The northern province, who have now lost three games in a row in all competitions, had led 14-8 at half-time of their trip to the Rec but shipped 29 points without reply after the turn.
The scrum, their discipline and a litany of errors all contributed to such a decidedly one-sided second 40 of the game with the set-piece a huge concern given Ulster’s big off-season signing, Springbok Steven Kitshoff, was supposed to weaponise that particular area of the game.
“We asked ourselves to come out and make an impact in the first-half and I felt we did that,” said Henderson of the interval lead produced by converted scores from Billy Burns and Nathan Doak.
“I thought we got right a lot of the stuff that we wanted to get right.
“We got ourselves into the game the way we wanted to, I felt like our set-piece in the first-half was going quite well.
“We spoke at half-time and said keep doing what we are doing, [how] that sort of foot on the throat mentality will drive that home.
“I think probably our discipline, turnover-rate and our set-piece in the second-half let us down and that is probably how the game got away from us so fast and so far.”
It is not the first time this season that Ulster’s scrum has struggled, with Henderson admitting the front-row were hurting after coming out so decisively second best.
With Racing 92 coming to Belfast this weekend, things will get no easier either.
“We’ll have to sit down and have a good review,” Henderson acknowledged. “Next week we have a big scrum coming at us and that is going to be massive, a huge point in the game.
“Any team that wants to do something positive in rugby, you need to have a good scrum.
“We have a couple of guys in there that are hurting pretty hard and have taken that beating on the chin. They are going to have to bounce back next week and I have no doubt that they will.”
In contrast, of course, Bath’s head coach Johann van Graan was thrilled by his side’s set-piece dominance with the former Munster boss praising the work done to improve the surface at the Rec to allow for such a scrummaging display.
“Firstly, the changes we made to the pitch two weeks ago have done wonders, we stitched the pitch after the Leicester game,” said Van Graan.
“We knew we needed to change something. It’s a very firm pitch (now). We saw that in the Bristol game and the Exeter game.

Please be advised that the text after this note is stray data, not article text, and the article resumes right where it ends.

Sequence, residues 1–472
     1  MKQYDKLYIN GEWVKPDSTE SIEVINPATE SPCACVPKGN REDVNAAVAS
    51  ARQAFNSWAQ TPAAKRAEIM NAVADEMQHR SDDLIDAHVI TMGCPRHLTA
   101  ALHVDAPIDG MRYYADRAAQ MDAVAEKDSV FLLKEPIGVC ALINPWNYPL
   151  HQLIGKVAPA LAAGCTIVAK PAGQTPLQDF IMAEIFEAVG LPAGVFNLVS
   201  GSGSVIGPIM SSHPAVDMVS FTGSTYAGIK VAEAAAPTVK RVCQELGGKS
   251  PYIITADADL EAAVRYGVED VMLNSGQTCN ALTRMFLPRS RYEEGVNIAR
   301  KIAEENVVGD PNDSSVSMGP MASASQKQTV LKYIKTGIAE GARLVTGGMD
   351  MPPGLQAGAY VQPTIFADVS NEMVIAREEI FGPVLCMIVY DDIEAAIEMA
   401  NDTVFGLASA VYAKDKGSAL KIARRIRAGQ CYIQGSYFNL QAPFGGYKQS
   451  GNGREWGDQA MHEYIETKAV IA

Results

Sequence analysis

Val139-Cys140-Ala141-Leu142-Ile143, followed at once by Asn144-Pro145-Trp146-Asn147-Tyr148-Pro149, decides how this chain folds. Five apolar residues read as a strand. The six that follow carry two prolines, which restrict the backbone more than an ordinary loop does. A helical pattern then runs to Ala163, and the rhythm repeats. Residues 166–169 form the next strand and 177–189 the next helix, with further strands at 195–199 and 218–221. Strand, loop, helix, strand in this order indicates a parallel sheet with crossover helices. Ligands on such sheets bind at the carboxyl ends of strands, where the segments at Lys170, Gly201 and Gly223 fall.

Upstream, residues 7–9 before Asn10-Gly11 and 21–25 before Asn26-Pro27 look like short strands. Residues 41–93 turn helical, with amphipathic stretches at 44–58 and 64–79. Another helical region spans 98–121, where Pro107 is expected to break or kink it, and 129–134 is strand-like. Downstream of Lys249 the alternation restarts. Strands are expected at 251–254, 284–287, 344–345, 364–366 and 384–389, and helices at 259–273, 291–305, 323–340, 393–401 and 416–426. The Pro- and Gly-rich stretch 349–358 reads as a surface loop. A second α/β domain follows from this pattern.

“The pitch gave us a platform to scrum from. I thought that was excellent.
“When the score was 18-14, the easy thing would be to take three-points but we kept applying pressure, and applying pressure.
“The scrum isn’t a front-row thing, they’ve to make the hit first up, but it’s a whole eight thing.
“I thought every forward got stuck into the scrum.
“Ulster is a team I respect. I’ve coached against them loads of times. Kitsy (Kitshoff) obviously I know about.
“Ulster can scrum and for us to scrum like that, I’m really happy for the pack and for Stevie [Scott] and Blazey [Richard Blaze], the two forwards coaches.”
While the arrival of Marty Moore and Rob Herring from the bench steadied things for a time for the visitors, there was more trouble for Ulster when Bath went to their own front-row replacements with Springbok Thomas du Toit, also briefly of Munster, carrying on the good work of starting tighthead, England international Will Stuart.
“Will is getting better every weekend. It was personal for him as well,” added Van Graan of Stuart’s battle with Kitshoff.
“He’s come up against Kitsy a few times and I thought he played really well.
“Will has been very good the last few weeks and how brilliant is it to have two tightheads, Will and Thomas, both making a difference.
“I think from that perspective, our ‘impacts’ made a real difference.
“In fact I thought the intensity went up when our impacts came on.
“You’ll hear it from everybody, I trust the squad. We’ve made multiple changes across weeks, I might keep the same team for next week or I might make 15 changes.”
Ulster, meanwhile, are the ones looking more urgently in need of change.